This takes us to Why We Play, an MSHSL initiative that is used to assist coaches in creating the best possible experiences for their athletes and themselves. Why We Play is based largely on a book by Joe Ehrmann, a former NFL player and longtime high school football coach. His book is “InSideOut Coaching: How Sports Can Transform Lives.”

All high school coaches in Minnesota have access to Why We Play training. I can summarize Why We Play with this: Teams and athletes strive to be successful and win, but the true purpose of high school athletics is education. Winning is a goal, but education is the purpose.

Why We Play training talks about two types of coaching: transactional and transformational. Transactional coaches view winning as the bottom line. All practices, drills, strategies and techniques are geared toward that result. The means to achieve the win, however necessary, are secondary to winning.

For transformational coaches, however, individual consideration is given to developing athletes as a whole, while understanding that the team is only as strong as its weakest member.

Winona’s Gleason has gone through Why We Play training and has heard Ehrmann speak. After the state title game, he talked about what he has learned.

“(This season has) been full of memories,” he said. “The State High School League has done a lot of work on transformational coaching, the Joe Ehrmann-type mindset. This season with these ladies has typified that and it has probably been one of the most fulfilling experiences of my life.

“Whatever happens in these kinds of events, and this goes back to the transformational things, these are things that change lives. I hope it changed their lives because it changed mine.”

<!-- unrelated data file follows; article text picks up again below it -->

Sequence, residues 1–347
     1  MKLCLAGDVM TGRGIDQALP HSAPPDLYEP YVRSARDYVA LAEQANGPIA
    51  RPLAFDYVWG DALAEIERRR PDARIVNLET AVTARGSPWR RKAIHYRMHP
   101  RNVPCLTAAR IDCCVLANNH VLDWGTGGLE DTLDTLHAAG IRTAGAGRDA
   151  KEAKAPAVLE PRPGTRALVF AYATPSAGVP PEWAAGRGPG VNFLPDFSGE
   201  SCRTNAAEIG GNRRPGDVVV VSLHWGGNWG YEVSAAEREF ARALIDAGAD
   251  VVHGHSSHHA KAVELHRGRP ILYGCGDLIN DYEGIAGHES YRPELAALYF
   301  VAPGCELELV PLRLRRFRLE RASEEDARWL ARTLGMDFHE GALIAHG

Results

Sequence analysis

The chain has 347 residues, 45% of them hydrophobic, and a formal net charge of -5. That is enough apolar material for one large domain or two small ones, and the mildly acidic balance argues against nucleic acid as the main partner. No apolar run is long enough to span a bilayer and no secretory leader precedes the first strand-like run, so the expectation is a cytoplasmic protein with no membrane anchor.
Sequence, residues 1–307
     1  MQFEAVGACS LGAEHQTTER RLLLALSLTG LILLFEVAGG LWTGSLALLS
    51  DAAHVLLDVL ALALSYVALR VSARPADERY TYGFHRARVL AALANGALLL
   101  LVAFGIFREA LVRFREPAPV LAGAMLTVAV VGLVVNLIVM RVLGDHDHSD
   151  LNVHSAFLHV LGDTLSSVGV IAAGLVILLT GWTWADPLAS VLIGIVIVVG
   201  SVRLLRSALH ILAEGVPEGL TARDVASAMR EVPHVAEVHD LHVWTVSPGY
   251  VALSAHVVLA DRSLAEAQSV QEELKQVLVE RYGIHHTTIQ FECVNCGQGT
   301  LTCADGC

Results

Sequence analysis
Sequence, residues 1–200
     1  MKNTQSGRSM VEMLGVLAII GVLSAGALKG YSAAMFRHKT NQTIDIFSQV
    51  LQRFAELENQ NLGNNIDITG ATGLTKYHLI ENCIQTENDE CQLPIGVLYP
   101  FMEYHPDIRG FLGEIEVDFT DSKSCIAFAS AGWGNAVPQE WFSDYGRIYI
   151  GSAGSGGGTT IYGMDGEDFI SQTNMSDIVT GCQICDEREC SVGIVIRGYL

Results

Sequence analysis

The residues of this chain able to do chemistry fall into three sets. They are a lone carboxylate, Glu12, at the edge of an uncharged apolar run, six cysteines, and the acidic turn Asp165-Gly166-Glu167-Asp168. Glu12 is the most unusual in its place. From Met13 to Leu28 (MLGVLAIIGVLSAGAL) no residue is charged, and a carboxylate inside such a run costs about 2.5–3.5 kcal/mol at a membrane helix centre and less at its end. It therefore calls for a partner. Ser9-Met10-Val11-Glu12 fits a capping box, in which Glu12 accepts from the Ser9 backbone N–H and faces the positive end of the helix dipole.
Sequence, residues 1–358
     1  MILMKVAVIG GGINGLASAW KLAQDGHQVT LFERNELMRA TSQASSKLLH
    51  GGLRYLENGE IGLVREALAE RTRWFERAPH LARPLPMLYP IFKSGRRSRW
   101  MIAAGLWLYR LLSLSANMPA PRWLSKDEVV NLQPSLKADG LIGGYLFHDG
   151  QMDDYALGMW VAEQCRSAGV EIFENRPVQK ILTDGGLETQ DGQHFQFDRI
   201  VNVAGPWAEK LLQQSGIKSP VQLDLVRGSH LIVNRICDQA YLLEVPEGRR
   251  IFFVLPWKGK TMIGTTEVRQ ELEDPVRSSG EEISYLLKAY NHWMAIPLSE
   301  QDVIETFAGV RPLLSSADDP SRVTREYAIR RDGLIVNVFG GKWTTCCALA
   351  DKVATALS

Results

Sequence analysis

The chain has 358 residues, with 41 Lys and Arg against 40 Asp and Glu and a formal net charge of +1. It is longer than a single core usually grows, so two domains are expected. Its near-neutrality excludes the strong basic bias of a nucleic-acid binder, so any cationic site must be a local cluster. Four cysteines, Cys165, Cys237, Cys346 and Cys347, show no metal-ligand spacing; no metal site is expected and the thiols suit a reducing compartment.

Winona athletic director Casey Indra is in his second year in that job. He has been instrumental in bringing Why We Play training to his school’s coaches. That process began by informing local school board members about Why We Play and what Indra hoped it would bring to Winona.

“I said at the end of last year and the beginning of this year, if we were going to go in front of our school board and show our plan, we weren’t just going to say that and be done with it,” Indra said. “And I made the comment at the welcome home for our basketball team that (the state tournament) was a perfect Why We Play moment.”

As part of the Why We Play curriculum, coaches are asked to create their own individual purpose statements. Here is Gleason’s: “With the cornerstones of empathy and love, collaboratively, I will provide opportunities for young men and women to pursue excellence in all that they do.”

Tim also is Winona’s head coach for boys and girls track, so he impacts a lot of students as a coach. He is a band teacher, too, adding to that number and his impact.

He has been the Winhawks’ head girls basketball coach for 10 years, and he was an assistant for 11 years before that. His father, Jerry Gleason, a Winona graduate who also was a band teacher, passed away during the basketball season.

Tim said Why We Play training has been instrumental in how he coaches.

“It caused me to think about things more intentionally. Friends help you get through so many things. It’s probably something that I revisited in the last month or so of the season, with trials in my personal life. There were many days and many times I had to lean on the people I coach with and also on the team to get through the day and keep me in a position where I was helping them as much as they were helping me.”

Nine school buses filled with band members and other students traveled from Winona to Minneapolis for the state tournament. Winhawks fans displayed great sportsmanship and cheered their team until the final whistle.

“They came out in full force and I felt our kids cheered with respect to the other team,” Indra said. “They held true to what we believe in. I told them I wasn’t going to remember the score of the game, but I will remember everyone who put together this run. It was the community.”